© Reuters. FILE PHOTO: The Imperial Strathcona Refinery which produces petrochemicals is seen near Edmonton, Alberta, Canada, October 7, 2021. REUTERS/Todd Korol/File Photo
By Ahmad Ghaddar and Swati Verma
LONDON (Reuters) – Oil prices steadied on Friday as investors sought more clarity on the imminent EU embargo on Russian refined fuels, with prices set for a second weekly loss in the absence of clear signs of demand recovery in top consumer China.
futures gained 15 cents, or 0.2%, to $82.32 a barrel at 1301 GMT, having dropped by about 1% in the previous session. US West Texas Intermediate (WTI) crude futures were up 12 cents, or 0.2%, at $76.00.
Brent is poised to register close to a 5% decline this week while WTI is on course for a 3.6% drop.
Investors are eyeing developments on the Feb. 5 European Union ban on Russian refined products, with EU countries seeking a deal on Friday to set price caps for Russian oil products.
The Kremlin said on Friday that the EU embargo on Russia’s refined oil products would lead to further imbalance in global energy markets.
“The exact details around what the cap will be and how they will implement it are still unclear,” Capital Economics commodities economist Bill Weatherburn said, adding that the uncertainty is keeping a lid on prices.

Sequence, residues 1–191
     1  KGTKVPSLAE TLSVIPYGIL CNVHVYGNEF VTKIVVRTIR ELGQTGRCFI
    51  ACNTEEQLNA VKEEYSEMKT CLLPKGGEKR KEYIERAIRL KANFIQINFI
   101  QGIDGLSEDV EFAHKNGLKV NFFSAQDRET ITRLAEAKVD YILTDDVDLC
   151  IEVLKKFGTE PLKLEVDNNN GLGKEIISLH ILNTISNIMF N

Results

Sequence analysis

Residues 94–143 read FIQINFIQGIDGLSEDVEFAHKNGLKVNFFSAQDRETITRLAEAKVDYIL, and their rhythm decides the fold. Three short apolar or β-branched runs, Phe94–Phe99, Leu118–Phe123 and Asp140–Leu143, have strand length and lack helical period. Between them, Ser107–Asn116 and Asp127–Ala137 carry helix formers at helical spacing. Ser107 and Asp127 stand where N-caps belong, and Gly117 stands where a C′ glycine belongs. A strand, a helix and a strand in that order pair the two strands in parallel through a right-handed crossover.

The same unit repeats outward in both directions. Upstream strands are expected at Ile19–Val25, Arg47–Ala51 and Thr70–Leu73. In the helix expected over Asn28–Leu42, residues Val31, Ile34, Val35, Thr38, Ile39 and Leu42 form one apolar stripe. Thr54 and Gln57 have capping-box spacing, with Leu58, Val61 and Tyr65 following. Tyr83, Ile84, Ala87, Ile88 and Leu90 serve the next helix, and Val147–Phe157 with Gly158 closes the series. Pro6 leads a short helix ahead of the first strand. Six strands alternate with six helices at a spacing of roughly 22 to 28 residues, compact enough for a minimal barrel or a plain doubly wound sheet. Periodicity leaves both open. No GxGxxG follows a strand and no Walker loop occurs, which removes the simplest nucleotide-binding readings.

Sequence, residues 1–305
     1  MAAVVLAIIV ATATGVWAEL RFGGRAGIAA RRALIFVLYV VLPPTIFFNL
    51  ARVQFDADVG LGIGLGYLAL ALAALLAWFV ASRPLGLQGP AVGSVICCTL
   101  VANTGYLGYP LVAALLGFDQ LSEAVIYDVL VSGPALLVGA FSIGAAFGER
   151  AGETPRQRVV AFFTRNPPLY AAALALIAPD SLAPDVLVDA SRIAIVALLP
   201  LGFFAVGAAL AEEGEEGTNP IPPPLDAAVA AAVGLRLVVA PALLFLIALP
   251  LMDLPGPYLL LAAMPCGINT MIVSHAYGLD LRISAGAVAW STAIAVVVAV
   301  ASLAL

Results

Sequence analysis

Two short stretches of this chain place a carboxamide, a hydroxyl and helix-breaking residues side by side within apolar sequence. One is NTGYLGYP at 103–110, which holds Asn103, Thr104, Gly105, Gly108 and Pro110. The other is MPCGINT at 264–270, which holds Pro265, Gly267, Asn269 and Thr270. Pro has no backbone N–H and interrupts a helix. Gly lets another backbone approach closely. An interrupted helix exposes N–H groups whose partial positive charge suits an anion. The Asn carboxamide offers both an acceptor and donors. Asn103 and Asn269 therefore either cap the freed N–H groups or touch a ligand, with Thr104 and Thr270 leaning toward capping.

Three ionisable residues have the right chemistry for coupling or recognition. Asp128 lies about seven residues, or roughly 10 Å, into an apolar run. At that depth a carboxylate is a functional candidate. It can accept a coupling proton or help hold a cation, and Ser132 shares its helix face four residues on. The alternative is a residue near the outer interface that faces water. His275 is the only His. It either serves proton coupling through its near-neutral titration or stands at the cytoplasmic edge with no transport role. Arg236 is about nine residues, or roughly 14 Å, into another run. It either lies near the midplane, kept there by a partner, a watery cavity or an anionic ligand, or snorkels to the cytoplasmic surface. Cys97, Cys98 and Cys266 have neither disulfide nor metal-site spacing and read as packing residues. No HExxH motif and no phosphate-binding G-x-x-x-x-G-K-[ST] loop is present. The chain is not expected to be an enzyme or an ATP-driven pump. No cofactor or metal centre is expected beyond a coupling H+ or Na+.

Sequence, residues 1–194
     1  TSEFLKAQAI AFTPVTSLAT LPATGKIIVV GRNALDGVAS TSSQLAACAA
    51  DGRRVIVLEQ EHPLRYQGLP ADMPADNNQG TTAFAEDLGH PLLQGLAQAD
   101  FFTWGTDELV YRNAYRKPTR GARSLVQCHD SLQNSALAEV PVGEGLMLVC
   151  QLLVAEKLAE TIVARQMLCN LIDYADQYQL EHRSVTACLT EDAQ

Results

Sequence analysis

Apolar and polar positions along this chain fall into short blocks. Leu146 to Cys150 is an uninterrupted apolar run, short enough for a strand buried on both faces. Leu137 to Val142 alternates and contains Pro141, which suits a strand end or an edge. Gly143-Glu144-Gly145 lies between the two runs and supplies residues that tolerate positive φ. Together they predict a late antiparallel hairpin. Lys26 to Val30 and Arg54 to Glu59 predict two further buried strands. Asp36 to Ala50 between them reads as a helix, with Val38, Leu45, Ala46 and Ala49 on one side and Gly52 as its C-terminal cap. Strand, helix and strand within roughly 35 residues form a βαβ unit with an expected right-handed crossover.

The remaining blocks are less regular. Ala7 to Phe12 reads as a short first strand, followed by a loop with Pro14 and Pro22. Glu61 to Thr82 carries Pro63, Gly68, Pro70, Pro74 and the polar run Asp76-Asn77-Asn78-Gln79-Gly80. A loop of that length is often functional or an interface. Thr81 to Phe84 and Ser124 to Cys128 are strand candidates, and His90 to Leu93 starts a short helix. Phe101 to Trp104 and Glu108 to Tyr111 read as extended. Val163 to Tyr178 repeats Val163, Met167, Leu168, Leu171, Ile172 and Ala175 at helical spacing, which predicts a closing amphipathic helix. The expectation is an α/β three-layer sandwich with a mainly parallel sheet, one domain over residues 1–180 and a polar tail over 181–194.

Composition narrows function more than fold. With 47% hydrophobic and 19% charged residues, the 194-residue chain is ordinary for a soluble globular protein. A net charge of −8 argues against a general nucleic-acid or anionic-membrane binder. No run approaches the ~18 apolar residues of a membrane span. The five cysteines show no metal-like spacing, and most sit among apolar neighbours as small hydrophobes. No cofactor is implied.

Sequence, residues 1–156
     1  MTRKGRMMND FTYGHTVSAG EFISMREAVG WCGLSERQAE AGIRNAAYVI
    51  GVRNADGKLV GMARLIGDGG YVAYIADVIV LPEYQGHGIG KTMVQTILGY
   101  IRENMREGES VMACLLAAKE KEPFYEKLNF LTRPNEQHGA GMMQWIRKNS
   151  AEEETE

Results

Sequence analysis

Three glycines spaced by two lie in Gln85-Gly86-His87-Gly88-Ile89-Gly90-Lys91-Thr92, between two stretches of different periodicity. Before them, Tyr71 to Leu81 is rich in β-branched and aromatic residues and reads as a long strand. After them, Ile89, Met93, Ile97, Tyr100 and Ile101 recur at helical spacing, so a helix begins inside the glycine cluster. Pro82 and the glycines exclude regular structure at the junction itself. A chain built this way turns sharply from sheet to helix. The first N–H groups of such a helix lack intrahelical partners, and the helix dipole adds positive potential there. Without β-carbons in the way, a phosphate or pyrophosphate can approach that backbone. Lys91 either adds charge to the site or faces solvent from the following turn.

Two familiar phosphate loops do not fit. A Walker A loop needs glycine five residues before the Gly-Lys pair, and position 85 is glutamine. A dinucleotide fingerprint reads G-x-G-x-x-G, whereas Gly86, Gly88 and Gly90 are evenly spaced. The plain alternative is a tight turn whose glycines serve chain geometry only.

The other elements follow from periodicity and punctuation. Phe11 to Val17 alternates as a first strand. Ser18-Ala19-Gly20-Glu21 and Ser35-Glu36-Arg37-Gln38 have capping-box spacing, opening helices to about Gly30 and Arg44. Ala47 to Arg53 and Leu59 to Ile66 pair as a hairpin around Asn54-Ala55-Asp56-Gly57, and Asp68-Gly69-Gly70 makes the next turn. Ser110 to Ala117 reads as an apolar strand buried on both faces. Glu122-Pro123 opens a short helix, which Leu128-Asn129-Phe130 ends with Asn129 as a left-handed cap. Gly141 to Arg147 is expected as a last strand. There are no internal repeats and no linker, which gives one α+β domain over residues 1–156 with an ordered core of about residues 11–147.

“There hasn’t been any data out of China to indicate the extent of the recovery in China’s crude demand.”
ANZ analysts noted a sharp jump in traffic in China’s 15 largest cities after the Lunar New Year holiday but said that Chinese traders had been “relatively absent”.
Markets now await US payrolls data due at 1330 GMT. US job growth in January is likely to have remained strong thanks to a resilient labor market, but expectations of a continued slowdown in wage gains offer the Federal Reserve some comfort in its fight against inflation, a Reuters survey showed.
The US central bank scaled back to a milder rate increase than those over the past year, but policymakers also projected that “ongoing increases” in borrowing costs would be needed.
Increases to interest rates in 2023 are likely to weigh on the US and European economies, boosting fears of an economic slowdown that is highly likely to dent global demand, said Priyanka Sachdeva, market analyst at Phillip Nova.